Detroit’s chief lawyer, Sharon McPhail ordered to keep emails in stripper suit
Detroit— The city’s top lawyer and Sharon McPhail, the ex-councilwoman and former general counsel to Kwame Kilpatrick, were given a copy of a federal judge’s order to preserve evidence related to the Tamara “Strawberry” Greene lawsuit, according to federal court records.
The disclosure was made in an affidavit filed this afternoon in U.S. District Court, where a federal judge is trying to determine whether the city intentionally destroyed emails that could shed light on Greene’s unsolved killing. She is rumored to have danced at a never-proven party at the Manoogian Mansion, the mayor’s official residence.
A federal judge in March 2008 ordered the city to preserve evidence. Soon after, lawyer Mayer Morganroth, who represented Kilpatrick and the city, said he discussed the order with McPhail and John Johnson, who at the time was the city’s top lawyer.
The affidavit shows the city is lying about how it handled the federal court order, Greene family lawyer Norman Yatooma said. It was filed after a series of hearings in federal court to determine if the city intentionally destroyed emails.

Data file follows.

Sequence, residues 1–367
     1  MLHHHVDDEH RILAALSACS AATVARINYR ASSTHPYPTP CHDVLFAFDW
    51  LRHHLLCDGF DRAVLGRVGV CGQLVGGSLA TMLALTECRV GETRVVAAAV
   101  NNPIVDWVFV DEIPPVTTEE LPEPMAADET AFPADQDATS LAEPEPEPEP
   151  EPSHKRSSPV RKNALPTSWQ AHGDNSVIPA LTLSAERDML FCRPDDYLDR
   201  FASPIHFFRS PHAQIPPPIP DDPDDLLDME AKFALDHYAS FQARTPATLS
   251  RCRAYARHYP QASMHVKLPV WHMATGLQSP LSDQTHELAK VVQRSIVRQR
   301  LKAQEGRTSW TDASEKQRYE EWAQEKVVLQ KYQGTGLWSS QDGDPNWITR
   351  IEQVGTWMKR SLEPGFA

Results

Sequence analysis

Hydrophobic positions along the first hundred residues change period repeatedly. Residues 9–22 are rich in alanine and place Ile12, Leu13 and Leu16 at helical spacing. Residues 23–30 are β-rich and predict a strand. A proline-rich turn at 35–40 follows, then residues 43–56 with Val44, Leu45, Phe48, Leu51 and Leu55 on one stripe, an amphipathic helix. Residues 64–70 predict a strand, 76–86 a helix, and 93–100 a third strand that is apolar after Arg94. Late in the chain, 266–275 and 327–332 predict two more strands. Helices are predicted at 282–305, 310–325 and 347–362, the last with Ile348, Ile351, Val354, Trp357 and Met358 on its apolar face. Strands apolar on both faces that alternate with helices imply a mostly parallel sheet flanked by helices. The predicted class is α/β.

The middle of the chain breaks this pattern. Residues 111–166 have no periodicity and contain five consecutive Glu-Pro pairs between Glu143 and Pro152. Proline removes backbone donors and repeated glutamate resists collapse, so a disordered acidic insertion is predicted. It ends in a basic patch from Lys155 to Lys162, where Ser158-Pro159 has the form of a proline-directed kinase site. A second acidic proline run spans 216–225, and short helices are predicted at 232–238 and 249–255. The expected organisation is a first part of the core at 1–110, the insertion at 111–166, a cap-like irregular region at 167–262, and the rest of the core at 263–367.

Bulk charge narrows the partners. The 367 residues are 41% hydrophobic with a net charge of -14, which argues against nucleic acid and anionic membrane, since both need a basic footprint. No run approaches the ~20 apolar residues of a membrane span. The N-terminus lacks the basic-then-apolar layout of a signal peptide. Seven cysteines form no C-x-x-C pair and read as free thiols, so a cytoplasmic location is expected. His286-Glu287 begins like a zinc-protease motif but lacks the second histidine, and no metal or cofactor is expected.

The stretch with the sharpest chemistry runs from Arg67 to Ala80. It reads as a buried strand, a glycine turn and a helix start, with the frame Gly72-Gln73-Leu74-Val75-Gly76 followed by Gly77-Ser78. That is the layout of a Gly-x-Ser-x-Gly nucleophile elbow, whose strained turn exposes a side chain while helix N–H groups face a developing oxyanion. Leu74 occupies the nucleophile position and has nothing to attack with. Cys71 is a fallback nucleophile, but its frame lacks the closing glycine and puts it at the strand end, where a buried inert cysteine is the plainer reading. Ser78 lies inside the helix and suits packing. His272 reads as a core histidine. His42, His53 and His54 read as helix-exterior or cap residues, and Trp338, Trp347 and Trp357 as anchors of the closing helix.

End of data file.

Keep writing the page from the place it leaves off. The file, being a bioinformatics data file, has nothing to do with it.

“Not only did they ignore the order, now they’ve come to court and lied about it,” Yatooma said.
Krystal Crittendon, head of the city’s Law Department, could not immediately be reached for comment.
Morganroth also said he discussed the order with city lawyer John Schapka and Crittendon in mid-March 2008.
Morganroth does not know whether the preservation order was communicated to city employees.
“We didn’t report to the troops,” he told The Detroit News. “McPhail and Johnson were to instruct their employees.”
Kilpatrick testified during a hearing in March that he did not remember a federal judge ordering the city to preserve emails and other evidence.
“I don’t think I was violating any federal court order in pushing ‘delete’ on an email,” Kilpatrick told Yatooma. “I don’t think you do, either.”
“No, I do,” Yatooma countered.
Kilpatrick also said he never talked about or had email discussions about Greene’s death and called the lawsuit “frivolous.”
Greene family lawyers are trying to find emails received and sent by Kilpatrick and others from September 2002 through June 2003.
A federal judge could issue a default judgment against the city for failing to turn over the emails or grant a request from Yatooma to conduct a forensic audit of every city computer and storage device. That process would be costly and last about four weeks.
The email probe is one aspect of a lawsuit filed in 2005 that accuses Kilpatrick and the city of obstructing an investigation into Greene’s unsolved death.
Greene was killed in an unsolved drive-by shooting in 2003.
The city and Kilpatrick lawyer James Thomas have asked Chief U.S. District Judge Gerald E. Rosen to dismiss the lawsuit.